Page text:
While we were at the hospital we held children, sang to them, and prayed for them.  They are all so precious.  Many of the children have a variety of illnesses, but most are malnourished.  I was so thankful to see the baby (3 months old) I held  3 days ago no longer needed an I.V.  I sat on a stool holding her.  I noticed that a one year old boy (who was so frail he looked as though he was about 12 pounds) had inched his way up the slope in his crib to get as close as he could to me.  He reached between the metal bars of his crib and grabbed my finger.  We made silly faces at each other and made funny noises with our tongues.  We smiled and laughed together.  There was another boy who brought me such sadness.  His crib was in the corner.  He wore a loose fitting top with no pants or diaper.  It looked as though he had burns all over his body.  His hands were bundled and were tied to the edge of the crib.  He whimpered.  Then, would give a loud yell.  When I looked at him and talked in Creole to him he would look at me with the biggest, deep, brown eyes.  I sang to him a lullaby and gently stroked his forehead.  I could see a peace about him.  He was in pain, but needed someone to be next to him.  To be there.  This boy reminded me of the difficult times in life.  Throughout life, there is much heartache and pain.  There is illness and disappointment.  I am so thankful that through all of life's ups and downs I can depend on the Lord.  He is my comfort, my savior, and my peace.  He will never leave me.  No matter what I am going through, the Lord is with me.  He will walk me through the storms of life.  Holding my hand every step of the way.   

Saturday, September 8, 2012

Birthday Celebration

Last night, we all gathered in the Feeding Center (cafeteria) and celebrated 2 birthdays.  What a fun celebration!  The birthday boys stood up in front and shared what they were thankful for in their life.  Both boys thanked Jesus for providing for them and loving them.  We sang songs as one boy played the drum.  He has great rhythm.  Then, the children were asked to share a special story about the boys or a song.  Many children sang a song to the boys.  They took turns singing into the microphone.  We even sang Happy Birthday Haitian style!  We all danced and clapped.  The children love to see me dance.  I dance "the pigeon".  Many of you may know this dance.  I bend my knees and flap them together as I wave my hands in front of them.  They love to dance this dance with me.  Many children have expanded on my dance moves and now move their arms in all kinds of directions as they flap their knees together.  Some children even bend down to the floor as they keep flapping their knees.  This takes much more muscle than I have.  Sometimes, the boys pretend to hold a camera and videotape me dancing.  Sometimes, they pretend to hold a remote control and point it at me to tell me to keep dancing.  We have so much fun!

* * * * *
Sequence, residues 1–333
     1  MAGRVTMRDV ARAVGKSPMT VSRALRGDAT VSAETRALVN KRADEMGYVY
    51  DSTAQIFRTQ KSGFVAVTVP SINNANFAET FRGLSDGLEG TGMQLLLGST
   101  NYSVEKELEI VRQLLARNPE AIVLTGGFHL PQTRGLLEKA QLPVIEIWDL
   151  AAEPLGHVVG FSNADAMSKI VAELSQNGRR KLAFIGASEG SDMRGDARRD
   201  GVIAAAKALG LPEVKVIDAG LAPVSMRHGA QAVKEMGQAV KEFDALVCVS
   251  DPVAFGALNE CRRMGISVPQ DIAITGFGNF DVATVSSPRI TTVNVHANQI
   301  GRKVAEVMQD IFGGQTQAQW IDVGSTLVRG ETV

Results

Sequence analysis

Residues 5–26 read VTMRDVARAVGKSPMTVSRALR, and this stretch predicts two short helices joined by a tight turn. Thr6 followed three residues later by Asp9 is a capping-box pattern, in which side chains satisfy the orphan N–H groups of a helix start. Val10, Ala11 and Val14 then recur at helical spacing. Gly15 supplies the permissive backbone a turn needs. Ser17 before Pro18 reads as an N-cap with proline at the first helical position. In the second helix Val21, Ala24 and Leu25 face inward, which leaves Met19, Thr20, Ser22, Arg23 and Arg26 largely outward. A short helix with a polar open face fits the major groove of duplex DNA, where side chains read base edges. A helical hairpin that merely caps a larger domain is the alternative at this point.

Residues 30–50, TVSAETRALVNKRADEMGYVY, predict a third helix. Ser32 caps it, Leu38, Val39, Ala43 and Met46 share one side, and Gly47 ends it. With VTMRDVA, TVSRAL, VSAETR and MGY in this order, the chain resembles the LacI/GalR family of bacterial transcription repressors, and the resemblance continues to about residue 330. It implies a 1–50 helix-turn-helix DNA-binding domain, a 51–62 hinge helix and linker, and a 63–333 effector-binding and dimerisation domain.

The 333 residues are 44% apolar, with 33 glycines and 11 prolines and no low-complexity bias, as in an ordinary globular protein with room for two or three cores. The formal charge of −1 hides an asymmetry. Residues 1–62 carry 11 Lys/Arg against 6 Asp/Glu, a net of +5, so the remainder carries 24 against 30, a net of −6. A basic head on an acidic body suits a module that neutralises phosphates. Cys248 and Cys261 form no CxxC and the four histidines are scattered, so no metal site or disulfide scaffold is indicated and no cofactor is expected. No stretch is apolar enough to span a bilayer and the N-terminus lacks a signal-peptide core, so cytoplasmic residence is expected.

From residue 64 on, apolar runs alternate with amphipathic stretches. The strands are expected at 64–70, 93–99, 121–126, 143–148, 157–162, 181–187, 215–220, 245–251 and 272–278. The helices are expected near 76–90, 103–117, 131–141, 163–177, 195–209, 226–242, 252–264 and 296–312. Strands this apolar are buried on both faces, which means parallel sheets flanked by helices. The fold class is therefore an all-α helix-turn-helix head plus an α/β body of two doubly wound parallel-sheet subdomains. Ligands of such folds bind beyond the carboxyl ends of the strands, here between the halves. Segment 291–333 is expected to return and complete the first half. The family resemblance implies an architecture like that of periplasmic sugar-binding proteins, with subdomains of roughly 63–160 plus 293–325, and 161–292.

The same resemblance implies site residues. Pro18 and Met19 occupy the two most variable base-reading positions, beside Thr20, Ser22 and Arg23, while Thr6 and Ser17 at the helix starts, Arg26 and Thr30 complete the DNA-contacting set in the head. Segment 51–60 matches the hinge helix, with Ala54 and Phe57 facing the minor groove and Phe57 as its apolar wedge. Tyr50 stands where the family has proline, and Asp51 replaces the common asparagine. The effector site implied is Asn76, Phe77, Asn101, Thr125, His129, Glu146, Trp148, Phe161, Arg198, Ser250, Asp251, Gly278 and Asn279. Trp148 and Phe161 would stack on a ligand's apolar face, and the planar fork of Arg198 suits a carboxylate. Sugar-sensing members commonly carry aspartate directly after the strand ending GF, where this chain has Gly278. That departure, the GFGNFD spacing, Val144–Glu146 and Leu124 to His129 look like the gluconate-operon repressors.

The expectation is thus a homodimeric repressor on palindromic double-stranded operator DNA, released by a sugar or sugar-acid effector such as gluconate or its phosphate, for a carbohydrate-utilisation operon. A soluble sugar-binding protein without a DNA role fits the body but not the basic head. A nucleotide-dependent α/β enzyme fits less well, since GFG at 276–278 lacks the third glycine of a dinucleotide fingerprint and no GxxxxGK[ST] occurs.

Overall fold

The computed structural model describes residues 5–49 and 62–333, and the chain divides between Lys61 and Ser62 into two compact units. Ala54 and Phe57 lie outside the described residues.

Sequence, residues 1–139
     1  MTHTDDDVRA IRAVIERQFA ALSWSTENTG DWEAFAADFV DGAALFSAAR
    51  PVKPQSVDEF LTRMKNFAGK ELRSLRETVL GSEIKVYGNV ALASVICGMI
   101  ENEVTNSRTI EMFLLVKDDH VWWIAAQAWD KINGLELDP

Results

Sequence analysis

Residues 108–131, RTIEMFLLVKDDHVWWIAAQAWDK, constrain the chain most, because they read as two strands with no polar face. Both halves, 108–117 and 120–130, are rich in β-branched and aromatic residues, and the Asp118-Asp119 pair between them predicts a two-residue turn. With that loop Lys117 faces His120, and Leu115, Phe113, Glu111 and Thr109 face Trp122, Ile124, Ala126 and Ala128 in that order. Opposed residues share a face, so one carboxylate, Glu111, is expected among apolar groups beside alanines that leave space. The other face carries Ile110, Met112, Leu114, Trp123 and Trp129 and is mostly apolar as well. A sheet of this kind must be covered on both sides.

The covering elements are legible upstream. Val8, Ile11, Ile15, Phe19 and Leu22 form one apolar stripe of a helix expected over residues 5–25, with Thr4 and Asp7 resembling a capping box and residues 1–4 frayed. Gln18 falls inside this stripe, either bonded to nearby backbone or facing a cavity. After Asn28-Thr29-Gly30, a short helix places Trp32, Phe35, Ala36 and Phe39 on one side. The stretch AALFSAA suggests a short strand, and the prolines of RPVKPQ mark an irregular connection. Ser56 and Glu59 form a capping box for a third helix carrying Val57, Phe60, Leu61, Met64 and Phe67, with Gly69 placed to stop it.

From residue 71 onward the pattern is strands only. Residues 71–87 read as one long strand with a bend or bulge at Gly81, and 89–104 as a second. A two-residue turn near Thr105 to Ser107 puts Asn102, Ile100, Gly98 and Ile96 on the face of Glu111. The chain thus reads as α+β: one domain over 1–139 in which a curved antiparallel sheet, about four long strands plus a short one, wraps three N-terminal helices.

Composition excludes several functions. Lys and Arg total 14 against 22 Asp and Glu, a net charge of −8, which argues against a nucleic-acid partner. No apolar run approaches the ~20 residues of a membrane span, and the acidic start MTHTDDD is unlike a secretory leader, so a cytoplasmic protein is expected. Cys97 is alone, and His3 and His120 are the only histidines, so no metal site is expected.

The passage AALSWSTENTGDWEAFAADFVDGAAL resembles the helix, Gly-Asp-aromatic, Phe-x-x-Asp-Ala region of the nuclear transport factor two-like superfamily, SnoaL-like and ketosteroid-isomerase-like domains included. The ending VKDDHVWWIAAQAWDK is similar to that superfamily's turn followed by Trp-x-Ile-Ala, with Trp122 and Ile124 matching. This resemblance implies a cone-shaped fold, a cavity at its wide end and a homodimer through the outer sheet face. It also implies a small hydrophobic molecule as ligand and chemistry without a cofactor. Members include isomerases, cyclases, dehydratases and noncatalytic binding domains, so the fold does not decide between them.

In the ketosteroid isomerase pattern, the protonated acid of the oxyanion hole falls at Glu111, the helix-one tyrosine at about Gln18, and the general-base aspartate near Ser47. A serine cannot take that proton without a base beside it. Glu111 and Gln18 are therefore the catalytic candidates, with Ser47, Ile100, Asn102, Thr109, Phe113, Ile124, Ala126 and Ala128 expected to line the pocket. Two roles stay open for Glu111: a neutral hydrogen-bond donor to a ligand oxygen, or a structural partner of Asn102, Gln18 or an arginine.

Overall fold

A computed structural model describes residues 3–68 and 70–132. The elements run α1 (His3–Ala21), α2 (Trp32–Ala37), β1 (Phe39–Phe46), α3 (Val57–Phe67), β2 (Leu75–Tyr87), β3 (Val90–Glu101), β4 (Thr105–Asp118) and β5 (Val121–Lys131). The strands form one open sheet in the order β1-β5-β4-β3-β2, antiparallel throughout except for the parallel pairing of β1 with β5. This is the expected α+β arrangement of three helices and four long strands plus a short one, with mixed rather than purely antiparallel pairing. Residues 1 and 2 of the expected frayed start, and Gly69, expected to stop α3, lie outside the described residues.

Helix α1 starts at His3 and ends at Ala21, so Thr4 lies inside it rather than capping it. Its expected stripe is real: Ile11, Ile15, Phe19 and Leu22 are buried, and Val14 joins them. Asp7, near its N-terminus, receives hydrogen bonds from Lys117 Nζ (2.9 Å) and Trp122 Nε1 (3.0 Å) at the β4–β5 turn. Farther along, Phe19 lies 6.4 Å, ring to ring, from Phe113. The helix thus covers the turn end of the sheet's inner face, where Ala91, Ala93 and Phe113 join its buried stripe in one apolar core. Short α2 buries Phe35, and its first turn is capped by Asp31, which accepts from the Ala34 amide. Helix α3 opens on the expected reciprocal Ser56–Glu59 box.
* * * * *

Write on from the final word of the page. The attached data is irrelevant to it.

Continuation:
Before bed, one little girl was crying.  She was sad because she didn't know her birthday.  It broke my heart.  Never in her life has she celebrated a birthday.  There are a few handfuls of children who do not know their birthday.  Hopefully, we will be able to help them find out when their birthday is and celebrate their life with them!  

Wednesday, September 5, 2012

Contact Lenses

The other night my eyes were so dry that my contact lens flipped out of my eye.  The children were so surprised.  I tried to explain to them I have glasses that I wear on my eyeballs.  They thought this was so strange.  They were curious, yet puzzled.  They wanted to see my contacts.  So, I told them they could watch me take them out in the evening.  It was hilarious!  About 15 children huddled around me as close as they could get and watched me remove my contacts.  In unison, they said, "whoa!" as I took out the first contact.  I explained that the eye doctor gave me a prescription for my eyes.  Instead of wearing glasses, I wear contacts.  They couldn't believe that a little, clear circle was placed on my eye to help me see.  I tried to explain all of this in Creole the best I could.  Later, I saw some of them talking with other children that didn't watch me take out my contacts.  The other children thought I removed my eyeballs when I slept and put them back in each morning.  I explained to them that I did not remove my eyeballs.  I removed my contacts.  Each morning I put new contacts on my eyes.  They were very excited to watch me put my contacts in the next day.  They are intrigued by my contacts.  Throughout the day, they mimic me taking out my contacts and as they pretend to remove them they say, "Bloop, bloop".  They giggle and think it is so funny.